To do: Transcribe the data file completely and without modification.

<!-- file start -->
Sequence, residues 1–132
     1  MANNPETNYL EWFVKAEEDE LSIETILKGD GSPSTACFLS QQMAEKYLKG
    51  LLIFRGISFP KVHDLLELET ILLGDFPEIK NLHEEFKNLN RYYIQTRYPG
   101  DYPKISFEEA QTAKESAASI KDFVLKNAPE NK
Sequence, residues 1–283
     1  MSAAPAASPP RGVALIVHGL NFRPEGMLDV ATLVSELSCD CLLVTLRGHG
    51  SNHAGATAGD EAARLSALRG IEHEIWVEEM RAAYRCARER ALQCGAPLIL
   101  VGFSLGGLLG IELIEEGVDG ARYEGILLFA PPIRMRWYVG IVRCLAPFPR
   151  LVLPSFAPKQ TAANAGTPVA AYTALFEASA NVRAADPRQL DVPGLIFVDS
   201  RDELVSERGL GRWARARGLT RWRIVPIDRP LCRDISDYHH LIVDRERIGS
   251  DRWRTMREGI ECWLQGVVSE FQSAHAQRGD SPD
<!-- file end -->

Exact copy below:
Sequence, residues 1–132
     1  MANNPETNYL EWFVKAEEDE LSIETILKGD GSPSTACFLS QQMAEKYLKG
    51  LLIFRGISFP KVHDLLELET ILLGDFPEIK NLHEEFKNLN RYYIQTRYPG
   101  DYPKISFEEA QTAKESAASI KDFVLKNAPE NK
Sequence, residues 1–283
     1  MSAAPAASPP RGVALIVHGL NFRPEGMLDV ATLVSELSCD CLLVTLRGHG
    51  SNHAGATAGD EAARLSALRG IEHEIWVEEM RAAYRCARER ALQCGAPLIL
   101  VGFSLGGLLG IELIEEGVDG ARYEGILLFA PPIRMRWYVG IVRCLAPFPR
   151  LVLPSFAPKQ TAANAGTPVA AYTALFEASA NVRAADPRQL DVPGLIFVDS
   201  RDELVSERGL GRWARARGLT RWRIVPIDRP LCRDISDYHH LIVDRERIGS
   251  DRWRTMREGI ECWLQGVVSE FQSAHAQRGD SPD